IP's Hutchinson picks No. 2 - then introduces 3, 4 and 5

Dr. Maureen Reed
Dr. Maureen Reed, of Stillwater, is hardly a familiar face in Minnesota politics, but she is recognized in health and higher education circles. Reed is the former medical director for Health Partners, a large Minnesota-based HMO.
MPR Photo/Tim Pugmire

(AP) Independence Party gubernatorial candidate Peter Hutchinson reached into the doctor's office to find a campaign trail companion, naming physician and ex-health company executive Dr. Maureen Reed as his running mate Thursday.

But Hutchinson didn't stop with Reed. He went on to introduce a slate of statewide candidates for three other top jobs and said they'd run as a cohesive unit - sharing a campaign manager, office space and a decorated minivan as much as campaign finance law allows.

IP gubernatorial candidate Peter Hutchinson
Peter Hutchinson served as finance commissioner under Gov. Rudy Perpich, but he insists he was a politically independent voice in the cabinet.
MPR Photo/Tim Pugmire

"We need a team, not a ticket," Hutchinson said.

John James, a private-practice attorney who served as commissioner of the Revenue Department under DFL Gov. Rudy Perpich, is running for attorney general. Lucy Gerold, a deputy police chief in Minneapolis, is running for state auditor. And Joel Spoonheim, a city official in Brooklyn Park, is running for secretary of state.

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Still, voters can pick and choose their way down the ballot. Only Hutchinson and Reed will be officially packaged before voters.

In selecting Reed, Hutchinson maintains an outside-government feel to his campaign against veteran officeholders - Republican Gov. Tim Pawlenty and Attorney General Mike Hatch, who was endorsed last week by state Democrats.

Neither Hutchinson, a public policy consultant, nor Reed has appeared on a fall ballot before.

Reed, of Stillwater, is hardly a familiar face in Minnesota politics, but she is recognized in health and higher education circles.

Reed is the former medical director for Health Partners, a large Minnesota-based HMO.

She served eight years on the University of Minnesota's Board of Regents, including a two-year stint the governing board's leader. Regents are elected by the Minnesota Legislature.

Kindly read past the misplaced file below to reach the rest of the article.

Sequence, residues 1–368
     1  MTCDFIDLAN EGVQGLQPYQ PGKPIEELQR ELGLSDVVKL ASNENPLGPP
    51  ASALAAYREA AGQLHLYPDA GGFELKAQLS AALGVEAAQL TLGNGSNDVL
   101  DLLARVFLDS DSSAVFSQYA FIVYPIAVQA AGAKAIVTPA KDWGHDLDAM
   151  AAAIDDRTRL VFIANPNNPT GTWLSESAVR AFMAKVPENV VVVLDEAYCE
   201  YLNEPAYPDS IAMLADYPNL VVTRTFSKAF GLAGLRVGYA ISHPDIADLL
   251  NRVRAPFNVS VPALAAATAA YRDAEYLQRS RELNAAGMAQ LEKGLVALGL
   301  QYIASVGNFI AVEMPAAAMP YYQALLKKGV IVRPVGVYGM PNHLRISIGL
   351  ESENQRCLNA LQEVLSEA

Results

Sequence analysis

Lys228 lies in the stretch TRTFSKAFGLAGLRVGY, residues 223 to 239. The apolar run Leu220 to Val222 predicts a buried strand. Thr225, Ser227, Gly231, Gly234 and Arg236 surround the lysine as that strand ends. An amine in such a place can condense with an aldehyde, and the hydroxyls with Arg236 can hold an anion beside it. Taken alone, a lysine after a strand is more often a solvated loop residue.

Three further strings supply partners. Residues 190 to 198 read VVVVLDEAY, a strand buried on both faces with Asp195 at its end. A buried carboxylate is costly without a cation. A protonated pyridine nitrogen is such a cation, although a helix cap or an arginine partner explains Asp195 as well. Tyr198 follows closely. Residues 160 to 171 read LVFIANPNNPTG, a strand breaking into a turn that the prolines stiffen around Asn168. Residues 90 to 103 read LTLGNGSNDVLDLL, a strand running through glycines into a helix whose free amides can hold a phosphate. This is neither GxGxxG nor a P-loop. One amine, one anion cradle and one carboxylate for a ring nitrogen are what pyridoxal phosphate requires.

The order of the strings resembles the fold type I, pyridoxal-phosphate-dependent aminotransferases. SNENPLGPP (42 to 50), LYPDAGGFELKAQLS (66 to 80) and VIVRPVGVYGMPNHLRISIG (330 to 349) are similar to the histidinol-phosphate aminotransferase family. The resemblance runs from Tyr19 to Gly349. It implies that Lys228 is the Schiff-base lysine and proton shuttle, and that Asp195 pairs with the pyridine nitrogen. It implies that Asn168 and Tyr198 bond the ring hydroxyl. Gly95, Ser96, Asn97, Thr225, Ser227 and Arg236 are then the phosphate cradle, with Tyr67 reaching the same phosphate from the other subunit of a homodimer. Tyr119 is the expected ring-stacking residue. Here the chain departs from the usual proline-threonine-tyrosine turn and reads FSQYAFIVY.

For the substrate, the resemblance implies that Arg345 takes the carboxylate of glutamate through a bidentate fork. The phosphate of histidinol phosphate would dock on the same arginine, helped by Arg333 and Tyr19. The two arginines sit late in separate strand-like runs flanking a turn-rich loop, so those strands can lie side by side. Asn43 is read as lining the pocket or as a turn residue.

Hutchinson said he was looking for someone from the medical community who could hit the ground running in changing the state's health care delivery system. He also looked for a person that voters "actually believe would be a great governor."

Reed said the five-candidate slate is filled with people who "know how to bring people together, know what the issues are and know how to get the issues addressed."

Hatch hasn't announced his running mate. A Hatch DFL primary opponent, state Sen. Becky Lourey, chose ex-Minnesota Viking and Minneapolis business owner Tim Baylor. Pawlenty has kept intact his 2002 ticket with Carol Molnau in the lieutenant governor spot.

The Independence Party is meeting June 24 to endorse candidates, with Hutchinson the favorite to get the nod for governor over Pam Ellison.

The party has played a prominent role in the last two gubernatorial elections. In 2002, Tim Penny grabbed 16 percent of the vote. In 1998 - when the IP was known as the Reform Party in Minnesota - Jesse Ventura carried its banner in his upset win.

Hutchinson served as finance commissioner under Perpich, but he insists he was a politically independent voice in the cabinet.

On Thursday, Hutchinson, James and Spoonheim acknowledged past activity in the DFL Party. But they - and Reed and Gerold - said they have long considered themselves independents.

Reed's campaign for votes, however, might have to start within her own household. Her husband, Dr. James Hart, is a DFL donor and he actively promoted Lourey at a campaign event in February.

"It's good to have two horses in the race. It doubles my chances," Hart joked, adding that he'll pull back from working on behalf of Lourey. "If she did win the primary, I would have to spend some time meditating and decide where I am. I'm very supportive of my wife."